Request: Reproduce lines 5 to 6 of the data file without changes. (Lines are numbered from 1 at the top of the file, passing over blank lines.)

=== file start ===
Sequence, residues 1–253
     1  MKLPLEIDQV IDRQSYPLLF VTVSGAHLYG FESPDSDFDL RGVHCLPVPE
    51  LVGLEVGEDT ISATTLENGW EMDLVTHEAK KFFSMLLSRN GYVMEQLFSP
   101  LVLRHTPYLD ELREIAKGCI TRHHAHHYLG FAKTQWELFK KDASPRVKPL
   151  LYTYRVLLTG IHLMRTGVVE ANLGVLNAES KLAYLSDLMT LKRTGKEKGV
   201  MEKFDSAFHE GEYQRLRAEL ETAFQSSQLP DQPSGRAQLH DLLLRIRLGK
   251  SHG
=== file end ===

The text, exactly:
   151  LYTYRVLLTG IHLMRTGVVE ANLGVLNAES KLAYLSDLMT LKRTGKEKGV
   201  MEKFDSAFHE GEYQRLRAEL ETAFQSSQLP DQPSGRAQLH DLLLRIRLGK